First impression on unpacking the Q702 test unit was the solid feel and clean, minimalist styling.
Sony BRAVIA KDL46XBR45
One of the best televisions we have seen, but it has a hefty price tag.
Sony’s KDL-46XBR45 is very expensive, even when compared to its direct rivals like the Samsung Series 9 (LA46A950). It is part of Sony’s flagship series and while it is chock-full of class-leading features, it does not offer the value for money of its competitors.
- Great contrast and black levels, LED back-lighting
- Expensive, imperfect build quality, sharpness issues
Sony’s KDL-46XBR45 produces fantastic quality images, but this excellence comes at a price.
Price$ 6,099.00 (AUD)
The XBR45 series has a similar design to the previous XBR series (check out our review of the Bravia KDL46XBR). The "floating glass" theme is actually slightly uninspiring, with the side-mounted speakers held on by noticeably flimsy plastic.
The remote bundled with the unit does not have that special feel expected of a high-end unit, but it certainly gets the job done with both infrared and radio frequency support. This means you can control the television from any angle within a large area — so if you want to control the television from two rooms away for some unknown reason, it is possible.
The interface of the KDL-46XBR45 is spectacular. Smooth, anti-aliased fonts make every menu and piece of text easy and pleasant to read. The image adjustment menus are incredibly comprehensive, with standard controls supplemented by additional minor tweaks like Detail and Edge Enhancement — which might be that little extra adjustment you require.
The menu allows you to access integrated network streaming system, so you can view photos and play back music from your home network. While it is easy to use, this network connectivity pales in comparison to the Samsung Series 9 (LA46A950) which boasts video playback. The importance of this is questionable, however.
The speakers built in to the display are surprisingly competent. While we would never choose television speakers over a dedicated sound system, the audio setup of the KDL-46XBR45 is the best we have heard.
What sets the KDL-46XBR45 apart from the crowd is its LED backlighting system. This allows individual LED segments of the backlight to be turned off, allowing an incredibly high contrast ratio. This is the second TV we have seen that literally disappears within a dark room — with a completely black screen you cannot distinguish the TV panel from its darkened surroundings. It is not a perfect system — while it is light-years (no pun intended) ahead of CCFL panels, there are still issues with its off-axis performance. We believe that this display is ever so slightly superior to the Samsung Series 9, but it is a very close race.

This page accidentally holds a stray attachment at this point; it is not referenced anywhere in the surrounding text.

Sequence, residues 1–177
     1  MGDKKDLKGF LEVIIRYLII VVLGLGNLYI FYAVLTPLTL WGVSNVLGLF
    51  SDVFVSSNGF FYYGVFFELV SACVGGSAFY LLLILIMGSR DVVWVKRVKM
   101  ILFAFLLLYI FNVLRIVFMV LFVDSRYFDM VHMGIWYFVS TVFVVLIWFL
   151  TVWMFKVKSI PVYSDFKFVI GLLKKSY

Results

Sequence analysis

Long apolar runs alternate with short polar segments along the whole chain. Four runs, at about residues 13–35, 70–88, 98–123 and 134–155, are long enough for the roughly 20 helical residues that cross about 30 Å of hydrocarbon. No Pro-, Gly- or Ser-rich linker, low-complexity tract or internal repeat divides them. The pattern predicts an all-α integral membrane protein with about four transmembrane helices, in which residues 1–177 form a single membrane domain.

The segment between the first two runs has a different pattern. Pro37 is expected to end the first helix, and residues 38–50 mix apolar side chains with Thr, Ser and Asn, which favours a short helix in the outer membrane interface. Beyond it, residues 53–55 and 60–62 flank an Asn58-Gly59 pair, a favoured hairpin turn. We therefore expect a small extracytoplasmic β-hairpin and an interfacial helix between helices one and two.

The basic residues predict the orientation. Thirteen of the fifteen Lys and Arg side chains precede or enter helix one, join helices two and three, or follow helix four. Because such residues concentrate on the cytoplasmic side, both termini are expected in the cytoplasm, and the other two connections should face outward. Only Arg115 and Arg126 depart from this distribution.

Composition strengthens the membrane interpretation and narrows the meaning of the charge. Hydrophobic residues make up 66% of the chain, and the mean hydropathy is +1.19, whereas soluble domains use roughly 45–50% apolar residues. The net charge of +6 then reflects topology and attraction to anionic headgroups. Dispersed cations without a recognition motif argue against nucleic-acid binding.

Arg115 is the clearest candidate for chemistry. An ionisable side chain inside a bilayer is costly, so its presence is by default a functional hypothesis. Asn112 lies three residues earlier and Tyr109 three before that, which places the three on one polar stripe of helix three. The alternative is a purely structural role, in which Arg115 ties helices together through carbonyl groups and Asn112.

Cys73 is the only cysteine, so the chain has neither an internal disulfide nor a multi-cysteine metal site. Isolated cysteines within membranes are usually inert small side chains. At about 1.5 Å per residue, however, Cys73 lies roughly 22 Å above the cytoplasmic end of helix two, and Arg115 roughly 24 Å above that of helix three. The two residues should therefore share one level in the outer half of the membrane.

Sony quotes the dynamic contrast ratio at "over 1000000:1". Samsung claims its Series 9 panels have a 2000000:1 ratio — but the difference is largely academic. Put simply, the contrast between deep blacks and bright colours is fantastic and you will not be disappointed.
High-definition content was as good as we’ve ever seen, with our Transformers HD-DVD test scenes displaying the perfect amount of grit and detail. Slightly too much default sharpness was easily remedied by altering the appropriate settings and deactivating the supplementary enhancement modes.
The MotionFlow 100Hz mode is implemented well — we actually preferred the picture when it was activated, with interpolated frames adding smoothness and fluidity. A 24p cinema mode and a host of other enhancements are included.
Standard-definition content was well handled, with the television maintaining its exceptional black levels on our Matrix test DVD. Up-scaling was handled well, with a smooth yet detailed image without any noise or artefacts.
The worst thing about this panel is its price. Coming in at $6099 (RRP), it is a full $600 more expensive than its Samsung counterpart. The Sony KDL-46XBR45 has a fantastic feature set and is one of the best televisions we have ever seen — if you can afford it and justify the price when compared to its competitors.
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GGG Evaluation Team
For work use, Microsoft Word and Excel programs pre-installed on the device are adequate for preparing short documents.
The Fujitsu LifeBook UH574 allowed for great mobility without being obnoxiously heavy or clunky. Its twelve hours of battery life did not disappoint.
The screen was particularly good. It is bright and visible from most angles, however heat is an issue, particularly around the Windows button on the front, and on the back where the battery housing is located.
My first impression after unboxing the Q702 is that it is a nice looking unit. Styling is somewhat minimalist but very effective. The tablet part, once detached, has a nice weight, and no buttons or switches are located in awkward or intrusive positions.
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